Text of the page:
In 1930, the Design & Industries Association published The Village Pump, a coruscating attack on the design and signage of petrol stations, which concluded by hailing Esher Filling Station, above, as a masterpiece. The sites below didn’t fare so well.
This looks like a good event: Vaughan Oliver (4AD/Pixies/David Lynch) in conversation with Adrian Shaughnessy, plus a panel of punk luminaries including Russ Bestley (Punk scholar), Malcolm Garrett (Buzzcocks), Mark Perry (Sniffin Glue/Alternative TV) and Tony Brook (Spin/Unit Editions) discussing the design and music eruption of the late 70s, and early 80s. Logan Hall on 10th November. Details here.
The Ordnance Survey is celebrating its 225th birthday by producing a map of modern London in 1801 cartographic style including, of course, numerous features not present two centuries ago – such as railways, the Blackwall Tunnel and the cable car across the Thames. Cartographer Chris Wesson has kept fonts, terminology and design as close to the orginal Ordnance Survey style as possible and copies of the full map due to go on sale in due course.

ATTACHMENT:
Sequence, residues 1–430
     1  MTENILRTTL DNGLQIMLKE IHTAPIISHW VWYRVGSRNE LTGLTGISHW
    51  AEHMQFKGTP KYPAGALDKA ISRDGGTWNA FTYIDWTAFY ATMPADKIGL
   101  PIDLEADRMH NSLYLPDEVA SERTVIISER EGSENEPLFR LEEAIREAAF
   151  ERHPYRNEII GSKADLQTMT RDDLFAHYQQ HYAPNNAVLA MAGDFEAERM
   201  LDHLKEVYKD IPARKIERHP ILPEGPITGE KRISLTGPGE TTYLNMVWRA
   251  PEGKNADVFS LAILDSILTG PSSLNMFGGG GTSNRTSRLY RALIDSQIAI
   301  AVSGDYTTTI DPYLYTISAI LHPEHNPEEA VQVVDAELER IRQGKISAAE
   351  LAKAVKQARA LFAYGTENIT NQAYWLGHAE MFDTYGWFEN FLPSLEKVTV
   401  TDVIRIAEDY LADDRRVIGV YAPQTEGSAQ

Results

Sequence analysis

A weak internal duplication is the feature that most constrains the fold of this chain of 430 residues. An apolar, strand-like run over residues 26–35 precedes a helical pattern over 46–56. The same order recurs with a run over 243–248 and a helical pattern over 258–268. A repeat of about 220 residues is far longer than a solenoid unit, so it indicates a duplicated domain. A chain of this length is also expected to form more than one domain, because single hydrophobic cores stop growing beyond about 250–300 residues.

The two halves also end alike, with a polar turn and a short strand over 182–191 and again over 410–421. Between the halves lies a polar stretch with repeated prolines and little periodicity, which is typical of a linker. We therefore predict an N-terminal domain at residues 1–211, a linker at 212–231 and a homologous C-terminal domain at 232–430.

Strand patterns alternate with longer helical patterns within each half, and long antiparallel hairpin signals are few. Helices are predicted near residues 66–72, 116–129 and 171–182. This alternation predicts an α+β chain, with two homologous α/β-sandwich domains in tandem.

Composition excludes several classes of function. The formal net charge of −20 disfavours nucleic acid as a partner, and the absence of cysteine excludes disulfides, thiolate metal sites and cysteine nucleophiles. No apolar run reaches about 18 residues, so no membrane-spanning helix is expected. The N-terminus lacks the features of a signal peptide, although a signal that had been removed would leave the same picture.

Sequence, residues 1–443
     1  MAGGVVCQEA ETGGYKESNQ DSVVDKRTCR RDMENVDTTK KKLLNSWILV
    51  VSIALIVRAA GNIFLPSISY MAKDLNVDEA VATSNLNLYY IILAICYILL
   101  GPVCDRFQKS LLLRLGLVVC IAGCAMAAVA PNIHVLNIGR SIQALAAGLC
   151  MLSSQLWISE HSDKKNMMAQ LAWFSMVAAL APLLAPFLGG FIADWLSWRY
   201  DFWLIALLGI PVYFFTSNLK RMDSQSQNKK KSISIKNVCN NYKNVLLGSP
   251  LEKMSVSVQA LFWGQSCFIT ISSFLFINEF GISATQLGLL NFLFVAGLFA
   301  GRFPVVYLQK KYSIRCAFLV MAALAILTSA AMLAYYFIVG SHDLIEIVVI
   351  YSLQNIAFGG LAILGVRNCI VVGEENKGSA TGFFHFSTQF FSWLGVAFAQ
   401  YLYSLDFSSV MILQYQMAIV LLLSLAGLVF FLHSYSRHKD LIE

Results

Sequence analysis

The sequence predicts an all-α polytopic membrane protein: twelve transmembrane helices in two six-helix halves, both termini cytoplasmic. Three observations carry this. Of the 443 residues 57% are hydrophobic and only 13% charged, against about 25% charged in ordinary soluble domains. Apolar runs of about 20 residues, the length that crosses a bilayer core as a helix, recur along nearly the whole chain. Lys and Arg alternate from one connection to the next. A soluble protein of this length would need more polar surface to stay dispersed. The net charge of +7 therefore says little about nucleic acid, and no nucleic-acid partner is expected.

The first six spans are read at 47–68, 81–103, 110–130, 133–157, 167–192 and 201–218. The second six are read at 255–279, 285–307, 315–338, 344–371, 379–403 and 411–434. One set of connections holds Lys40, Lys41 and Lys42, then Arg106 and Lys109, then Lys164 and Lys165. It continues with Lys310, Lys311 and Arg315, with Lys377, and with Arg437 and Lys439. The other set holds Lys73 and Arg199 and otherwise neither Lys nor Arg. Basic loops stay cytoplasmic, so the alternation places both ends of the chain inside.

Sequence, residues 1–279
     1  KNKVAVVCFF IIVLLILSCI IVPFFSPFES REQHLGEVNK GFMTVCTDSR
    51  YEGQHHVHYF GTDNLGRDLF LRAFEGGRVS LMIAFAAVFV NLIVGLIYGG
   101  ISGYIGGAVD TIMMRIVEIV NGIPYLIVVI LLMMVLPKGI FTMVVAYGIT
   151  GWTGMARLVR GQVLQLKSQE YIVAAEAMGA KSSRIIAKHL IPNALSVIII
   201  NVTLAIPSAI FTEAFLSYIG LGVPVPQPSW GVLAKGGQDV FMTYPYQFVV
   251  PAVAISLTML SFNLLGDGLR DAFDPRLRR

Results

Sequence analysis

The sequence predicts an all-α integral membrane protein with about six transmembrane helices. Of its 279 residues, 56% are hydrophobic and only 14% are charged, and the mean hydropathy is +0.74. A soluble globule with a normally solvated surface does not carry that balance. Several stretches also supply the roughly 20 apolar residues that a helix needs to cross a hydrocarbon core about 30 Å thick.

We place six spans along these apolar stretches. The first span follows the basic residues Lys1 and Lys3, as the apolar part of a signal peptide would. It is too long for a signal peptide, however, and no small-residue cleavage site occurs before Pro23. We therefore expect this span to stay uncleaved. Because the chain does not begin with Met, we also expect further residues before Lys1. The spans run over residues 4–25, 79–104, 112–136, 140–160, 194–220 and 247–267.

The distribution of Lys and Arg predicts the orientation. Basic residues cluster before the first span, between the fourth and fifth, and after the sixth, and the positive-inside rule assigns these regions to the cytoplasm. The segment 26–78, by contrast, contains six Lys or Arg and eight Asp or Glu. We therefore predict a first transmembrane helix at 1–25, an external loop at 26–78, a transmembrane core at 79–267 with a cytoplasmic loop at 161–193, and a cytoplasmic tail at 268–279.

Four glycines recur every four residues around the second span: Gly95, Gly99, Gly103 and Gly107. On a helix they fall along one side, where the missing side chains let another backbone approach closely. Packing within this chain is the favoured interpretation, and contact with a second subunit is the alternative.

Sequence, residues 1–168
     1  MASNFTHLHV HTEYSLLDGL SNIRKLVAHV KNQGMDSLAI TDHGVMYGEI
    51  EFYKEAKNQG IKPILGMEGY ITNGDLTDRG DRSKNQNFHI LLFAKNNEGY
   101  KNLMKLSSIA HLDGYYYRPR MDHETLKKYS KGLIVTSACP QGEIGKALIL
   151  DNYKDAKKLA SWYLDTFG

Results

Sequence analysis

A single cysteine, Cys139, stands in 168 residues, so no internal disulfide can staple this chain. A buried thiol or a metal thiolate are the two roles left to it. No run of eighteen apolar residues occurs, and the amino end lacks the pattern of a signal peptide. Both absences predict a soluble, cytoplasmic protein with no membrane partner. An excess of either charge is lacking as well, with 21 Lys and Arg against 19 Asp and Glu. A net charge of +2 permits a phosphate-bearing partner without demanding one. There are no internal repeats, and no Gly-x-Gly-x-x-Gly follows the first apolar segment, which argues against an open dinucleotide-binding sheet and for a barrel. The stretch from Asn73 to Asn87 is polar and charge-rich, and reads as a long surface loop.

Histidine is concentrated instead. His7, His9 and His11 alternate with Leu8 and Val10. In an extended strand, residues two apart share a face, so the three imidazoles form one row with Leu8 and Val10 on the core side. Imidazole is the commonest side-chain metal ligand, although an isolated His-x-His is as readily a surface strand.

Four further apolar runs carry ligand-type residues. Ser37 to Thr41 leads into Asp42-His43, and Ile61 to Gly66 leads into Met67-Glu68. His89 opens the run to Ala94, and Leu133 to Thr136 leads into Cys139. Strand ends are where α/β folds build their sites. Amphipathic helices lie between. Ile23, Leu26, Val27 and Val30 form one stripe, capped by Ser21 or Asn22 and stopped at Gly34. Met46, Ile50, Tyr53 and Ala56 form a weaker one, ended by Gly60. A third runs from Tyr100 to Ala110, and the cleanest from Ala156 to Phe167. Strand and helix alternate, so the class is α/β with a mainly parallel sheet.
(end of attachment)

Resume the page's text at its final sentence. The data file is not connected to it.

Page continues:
The London Transport Museum’s ‘Designology’ exhibition opens tonight and a visual feast it is too for anyone who loves London and the pioneering design work of its public transport provider. Broadcaster Robert Elms spoke at a launch event last night and described how we’re surrounded in London by the fruits of this work every day (much more so than any other major city), how we tend to take it for granted, but how much it contributes to London’s brilliance. Some of the usual posters are on display, but actually it’s the maps, tickets, signage, technology and architecture that make this a must-see show.
Modernizing British Transport.
Ken Garland cover for the November 1959 issue of Design, the official organ of the Council of Industrial Design. Ken went on to design for Galt Toys and many others, a guru of British Design.
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